• [0085]
    In some embodiments, the characteristic crack spacing may be anisotropic, with certain directions cracking at a higher frequency than other directions. One technique for quantifying the directional characteristic crack spacing is as follows:
      • (A) Obtain a micrograph of the film by, e.g., a dark-field optical microscope.
      • (B) Select a sampling region sufficiently large to be representative of the film. The area may extend at least 10 crack spacings in each direction, and preferably at least 100 crack spacings.
      • (C) If there is a crack in the sampling region that does not terminate at another crack, i.e., has a free end, with a pen, extend the crack until it intersects another crack.
      • (D) Find the center of gravity of each island of film. An island is defined as an area of film that is surrounded by cracks (and extended cracks from C), and that does not contain any cracks. To find the center of gravity, one technique is to bisect each island with a straight line such that the areas on each side of the line are equal. Repeat the bisection with a perpendicular line. The intersection of the two bisection lines is the center of gravity of the island.
      • (E) Label each island with a uniform coordinate system so that the absolute orientation of the islands can be maintained. Section the micrograph along all of the cracks so that the islands can be moved independently. Superimpose all of the islands of film aligning the center of gravity of each film, while maintaining the absolute orientation of each island.
      • (F) In each direction, the characteristic crack spacing may be found by averaging the diameter of the islands along the selected axis. The standard deviation may also be found along the axis.
  • [0092]
    Preferably the diameter of the island, e.g., a stressed thin-film membrane, is less than twice the crack spacing in all directions. More preferably, the diameter of the cell is less than one-half of the crack spacing in all directions.
  • [0093]
    The dimensions of the tensilely stressed thin-film membrane are defined by the edges of the membrane. The edges may be defined by any intentional non-uniformity in the membrane that prevents or substantially reduces the transfer of stress across the non-uniformity region. Most preferably, the edges are defined by a discontinuity in the stressed thin-film membrane material. Alternatively, the edge may be a stress-relief joint or a crack-inducing shape.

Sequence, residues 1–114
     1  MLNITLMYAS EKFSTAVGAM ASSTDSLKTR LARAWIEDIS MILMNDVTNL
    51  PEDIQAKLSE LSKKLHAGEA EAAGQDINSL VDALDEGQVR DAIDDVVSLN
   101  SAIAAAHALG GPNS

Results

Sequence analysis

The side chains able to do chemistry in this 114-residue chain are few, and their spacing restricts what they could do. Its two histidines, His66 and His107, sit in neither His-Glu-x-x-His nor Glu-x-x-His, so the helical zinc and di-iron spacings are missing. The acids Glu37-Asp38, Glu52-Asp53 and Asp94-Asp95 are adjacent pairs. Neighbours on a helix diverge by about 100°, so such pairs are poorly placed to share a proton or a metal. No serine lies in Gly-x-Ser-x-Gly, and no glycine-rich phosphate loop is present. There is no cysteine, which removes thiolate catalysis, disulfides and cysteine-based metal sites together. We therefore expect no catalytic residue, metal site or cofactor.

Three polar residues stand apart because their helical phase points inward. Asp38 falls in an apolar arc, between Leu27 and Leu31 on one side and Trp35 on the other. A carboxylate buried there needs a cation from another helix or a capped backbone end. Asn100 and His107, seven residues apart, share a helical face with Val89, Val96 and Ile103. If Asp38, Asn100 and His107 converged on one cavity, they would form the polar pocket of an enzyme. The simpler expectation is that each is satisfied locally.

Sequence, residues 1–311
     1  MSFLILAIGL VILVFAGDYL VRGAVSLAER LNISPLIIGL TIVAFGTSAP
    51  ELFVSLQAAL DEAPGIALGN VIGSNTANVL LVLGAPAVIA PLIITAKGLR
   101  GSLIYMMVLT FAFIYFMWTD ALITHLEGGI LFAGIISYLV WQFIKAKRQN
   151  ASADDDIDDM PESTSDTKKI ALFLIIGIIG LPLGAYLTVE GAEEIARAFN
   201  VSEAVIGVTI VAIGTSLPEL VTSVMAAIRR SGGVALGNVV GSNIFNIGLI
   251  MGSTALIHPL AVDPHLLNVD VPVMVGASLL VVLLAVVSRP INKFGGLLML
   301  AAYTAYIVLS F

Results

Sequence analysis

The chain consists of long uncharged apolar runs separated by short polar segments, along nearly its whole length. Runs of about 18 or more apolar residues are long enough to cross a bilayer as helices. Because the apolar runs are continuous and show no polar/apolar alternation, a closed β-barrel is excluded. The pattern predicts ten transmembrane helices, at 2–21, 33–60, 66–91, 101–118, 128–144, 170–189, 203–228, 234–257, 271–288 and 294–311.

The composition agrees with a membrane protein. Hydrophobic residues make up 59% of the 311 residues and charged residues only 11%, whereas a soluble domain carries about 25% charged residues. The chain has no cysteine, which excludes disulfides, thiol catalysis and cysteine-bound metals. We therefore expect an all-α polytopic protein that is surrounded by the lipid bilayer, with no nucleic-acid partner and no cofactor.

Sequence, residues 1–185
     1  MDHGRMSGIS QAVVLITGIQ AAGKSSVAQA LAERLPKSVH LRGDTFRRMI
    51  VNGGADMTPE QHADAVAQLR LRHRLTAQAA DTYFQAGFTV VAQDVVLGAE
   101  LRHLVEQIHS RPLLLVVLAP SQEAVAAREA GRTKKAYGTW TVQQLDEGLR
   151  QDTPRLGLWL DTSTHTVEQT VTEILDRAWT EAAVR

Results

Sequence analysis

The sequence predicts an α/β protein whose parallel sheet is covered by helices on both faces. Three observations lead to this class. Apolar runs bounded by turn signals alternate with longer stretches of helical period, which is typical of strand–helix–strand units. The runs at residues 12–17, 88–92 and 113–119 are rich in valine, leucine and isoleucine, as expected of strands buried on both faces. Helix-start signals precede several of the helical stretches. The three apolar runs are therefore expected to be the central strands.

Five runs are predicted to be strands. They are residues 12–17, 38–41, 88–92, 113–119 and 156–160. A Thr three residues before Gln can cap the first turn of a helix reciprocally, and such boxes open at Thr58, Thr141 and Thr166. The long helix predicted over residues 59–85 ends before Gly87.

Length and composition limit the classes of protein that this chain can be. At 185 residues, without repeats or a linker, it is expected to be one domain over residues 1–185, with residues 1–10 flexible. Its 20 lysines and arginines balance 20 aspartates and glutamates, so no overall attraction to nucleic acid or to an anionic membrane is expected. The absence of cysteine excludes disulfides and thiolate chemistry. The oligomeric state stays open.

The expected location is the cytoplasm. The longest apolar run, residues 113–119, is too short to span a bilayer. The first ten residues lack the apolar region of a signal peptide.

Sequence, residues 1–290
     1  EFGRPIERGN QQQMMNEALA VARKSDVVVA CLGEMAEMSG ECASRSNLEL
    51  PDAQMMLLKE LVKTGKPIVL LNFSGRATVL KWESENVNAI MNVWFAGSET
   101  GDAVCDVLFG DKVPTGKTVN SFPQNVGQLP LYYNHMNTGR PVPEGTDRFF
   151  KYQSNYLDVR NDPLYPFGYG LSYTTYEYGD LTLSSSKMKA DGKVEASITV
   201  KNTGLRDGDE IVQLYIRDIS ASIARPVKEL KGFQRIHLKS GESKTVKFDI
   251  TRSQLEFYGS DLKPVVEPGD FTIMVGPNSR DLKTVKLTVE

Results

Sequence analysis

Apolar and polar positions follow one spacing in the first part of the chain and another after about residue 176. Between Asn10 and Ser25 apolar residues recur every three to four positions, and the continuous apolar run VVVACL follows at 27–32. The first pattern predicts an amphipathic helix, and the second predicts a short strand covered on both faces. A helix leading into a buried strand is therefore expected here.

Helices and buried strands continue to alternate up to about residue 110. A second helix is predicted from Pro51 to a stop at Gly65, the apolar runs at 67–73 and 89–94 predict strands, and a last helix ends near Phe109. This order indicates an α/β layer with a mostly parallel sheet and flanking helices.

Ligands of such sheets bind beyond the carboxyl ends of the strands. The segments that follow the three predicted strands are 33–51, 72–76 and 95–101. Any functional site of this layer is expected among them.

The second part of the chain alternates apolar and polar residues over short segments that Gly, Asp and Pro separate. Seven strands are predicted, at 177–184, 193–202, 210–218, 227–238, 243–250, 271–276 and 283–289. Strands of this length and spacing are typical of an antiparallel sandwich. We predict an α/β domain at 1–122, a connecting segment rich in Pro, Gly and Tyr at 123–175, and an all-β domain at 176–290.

• [0094]
    The invention preferably separates each island in such a way as to reduce the frequency of crack formation in each island and to reduce the frequency of crack propagation between adjacent islands.
  • [0095]
    One structure in accordance with the invention includes stressed thin-film membrane islands that are discontinuous. The distance between adjacent islands is selected such that the islands do not come in contact during at least some portion of time while operating. The space between adjacent islands may be formed in some embodiments by photopatterning and etching. In another embodiment, the space may be filled with another material, for example low-stress silicon nitride. In another embodiment, the space may be formed by including a rail over the support grid and eliminating the step coverage during deposition of the stressed thin-film material, resulting in a discontinuous film over the rail.
  • [0096]
    Another structure in accordance with the invention includes a stress-relief joint between adjacent islands. In one embodiment, joint may be in the form of a “U” such that the arms of the “U” can move together or apart to relieve stress. In another embodiment, the joint may be formed from a material other than a stressed thin-film material.
  • [0097]
    A third structure in accordance with the invention includes a feature designed to cause the stressed-thin film to crack in a controlled location. In one embodiment, the film may be deposited continuously over a step feature. Cracks will preferentially form parallel to the step and within a distance from the step approximately equal to the film thickness.
  • [0098]
    Preferably the compound stressed thin-film membrane includes a structure that separates each island to reduce the frequency of crack formation in each island and to reduce the frequency of crack propagation between adjacent islands.
  • [0000]
    Overview of Design Rules for Compressive Stress
  • [0099]